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    We know that there will be breakthrough cases. But as this instance shows, cases in vaccinated individuals are typically mild. The White House is prepared for breakthrough cases with regular testing. This is another reminder of the efficacy of the COVID-19 vaccines against severe illness or hospitalizations. And, of course, we wish our colleague a speedy recovery.

    In terms of a meeting, there has not been a meeting planned and there hasn't been change to that, so I wouldn't say it has an impact on that.

    Q:  And a quick follow-up on something that you touched on yesterday.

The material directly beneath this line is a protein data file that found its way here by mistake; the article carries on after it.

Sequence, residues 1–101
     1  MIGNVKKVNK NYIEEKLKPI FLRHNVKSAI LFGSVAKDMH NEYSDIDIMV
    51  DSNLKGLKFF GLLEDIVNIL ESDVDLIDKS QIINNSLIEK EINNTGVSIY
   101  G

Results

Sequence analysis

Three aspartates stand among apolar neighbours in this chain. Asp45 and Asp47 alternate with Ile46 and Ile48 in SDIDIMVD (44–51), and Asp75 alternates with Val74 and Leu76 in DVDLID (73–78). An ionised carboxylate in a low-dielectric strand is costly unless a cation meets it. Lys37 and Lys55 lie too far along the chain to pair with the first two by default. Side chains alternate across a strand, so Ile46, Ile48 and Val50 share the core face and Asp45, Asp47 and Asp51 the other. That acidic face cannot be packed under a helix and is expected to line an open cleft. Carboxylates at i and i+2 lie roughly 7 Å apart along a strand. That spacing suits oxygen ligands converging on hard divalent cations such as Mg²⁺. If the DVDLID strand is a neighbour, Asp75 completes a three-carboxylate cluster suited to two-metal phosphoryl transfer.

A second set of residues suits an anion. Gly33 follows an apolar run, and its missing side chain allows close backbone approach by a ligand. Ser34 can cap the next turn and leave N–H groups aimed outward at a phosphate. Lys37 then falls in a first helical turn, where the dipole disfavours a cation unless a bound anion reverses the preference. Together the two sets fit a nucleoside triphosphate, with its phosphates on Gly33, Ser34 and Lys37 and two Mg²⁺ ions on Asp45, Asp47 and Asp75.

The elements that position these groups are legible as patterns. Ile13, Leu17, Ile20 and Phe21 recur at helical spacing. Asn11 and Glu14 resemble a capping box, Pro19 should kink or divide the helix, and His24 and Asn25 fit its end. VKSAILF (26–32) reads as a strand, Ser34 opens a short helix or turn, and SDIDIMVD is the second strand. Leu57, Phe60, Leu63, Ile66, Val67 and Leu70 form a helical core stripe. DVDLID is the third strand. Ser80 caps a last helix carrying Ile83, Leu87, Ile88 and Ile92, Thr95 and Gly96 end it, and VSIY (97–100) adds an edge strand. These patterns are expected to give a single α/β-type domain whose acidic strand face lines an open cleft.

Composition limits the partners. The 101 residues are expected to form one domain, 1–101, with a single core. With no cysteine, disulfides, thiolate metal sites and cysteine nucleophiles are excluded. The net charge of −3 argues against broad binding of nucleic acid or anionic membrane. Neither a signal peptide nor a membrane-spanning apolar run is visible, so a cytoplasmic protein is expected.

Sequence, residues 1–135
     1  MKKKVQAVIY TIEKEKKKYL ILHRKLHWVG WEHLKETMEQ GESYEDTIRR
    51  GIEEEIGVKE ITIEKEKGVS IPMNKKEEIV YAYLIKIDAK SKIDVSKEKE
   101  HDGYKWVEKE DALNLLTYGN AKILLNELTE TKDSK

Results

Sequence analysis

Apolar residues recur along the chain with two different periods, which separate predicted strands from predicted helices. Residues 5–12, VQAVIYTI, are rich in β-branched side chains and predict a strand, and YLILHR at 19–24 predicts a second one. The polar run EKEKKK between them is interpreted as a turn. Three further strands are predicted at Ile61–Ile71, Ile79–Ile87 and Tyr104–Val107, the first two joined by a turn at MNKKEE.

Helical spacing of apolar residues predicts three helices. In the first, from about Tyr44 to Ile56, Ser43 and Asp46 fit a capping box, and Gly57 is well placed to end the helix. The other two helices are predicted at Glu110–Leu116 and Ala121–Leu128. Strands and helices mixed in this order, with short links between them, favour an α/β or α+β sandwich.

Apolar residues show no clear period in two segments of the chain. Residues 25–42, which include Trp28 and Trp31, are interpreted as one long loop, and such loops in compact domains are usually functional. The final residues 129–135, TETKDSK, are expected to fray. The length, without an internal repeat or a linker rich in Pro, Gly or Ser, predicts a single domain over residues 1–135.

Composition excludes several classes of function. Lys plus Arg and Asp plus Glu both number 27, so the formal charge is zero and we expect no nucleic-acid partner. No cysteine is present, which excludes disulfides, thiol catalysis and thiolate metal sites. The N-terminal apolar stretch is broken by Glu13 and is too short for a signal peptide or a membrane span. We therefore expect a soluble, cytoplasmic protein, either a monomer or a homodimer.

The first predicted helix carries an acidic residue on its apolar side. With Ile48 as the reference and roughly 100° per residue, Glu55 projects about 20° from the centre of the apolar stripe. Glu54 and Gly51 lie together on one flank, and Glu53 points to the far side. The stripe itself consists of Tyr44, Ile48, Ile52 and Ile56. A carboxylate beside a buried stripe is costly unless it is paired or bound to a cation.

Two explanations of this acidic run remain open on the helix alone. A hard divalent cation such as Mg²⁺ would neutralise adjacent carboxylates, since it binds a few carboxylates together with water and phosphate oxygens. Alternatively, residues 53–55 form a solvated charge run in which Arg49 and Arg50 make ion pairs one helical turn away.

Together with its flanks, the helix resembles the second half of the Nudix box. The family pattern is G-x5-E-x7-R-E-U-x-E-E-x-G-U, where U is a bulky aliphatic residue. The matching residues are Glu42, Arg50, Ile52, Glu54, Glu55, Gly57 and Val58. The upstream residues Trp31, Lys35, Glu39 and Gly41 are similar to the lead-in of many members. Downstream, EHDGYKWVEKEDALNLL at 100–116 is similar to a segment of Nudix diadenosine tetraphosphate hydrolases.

MS. PSAKI: Sure.

    Q:  Vaccination rates in Europe are pretty similar to what they are in the United States, but travel is one-way right now. I was wondering: Does the President believe it's safe for Americans to travel to Europe, but it's not safe for Europeans to travel here? If you could, there seems to be a little bit of mixed messaging that some may perceive, if you could —

    MS. PSAKI: Sure. Well, as you know, we regularly — the CDC regular — regularly updates our travel guid- — guidelines for international travel — I think they even did an update today — and they provide guidance to whether it is safe to travel to certain countries or parts of the world. And, of course, American citizens make their own decisions.

    As it relates to travel restrictions for the — for here — to come to the United States, any decisions about reopening international travel will be guided by our own public health and medical experts.

    As we said, we've launched our interagency working groups with partner countries. We are continuing — those are continuing to have discussions. They — those decisions will be made based on public health guidelines.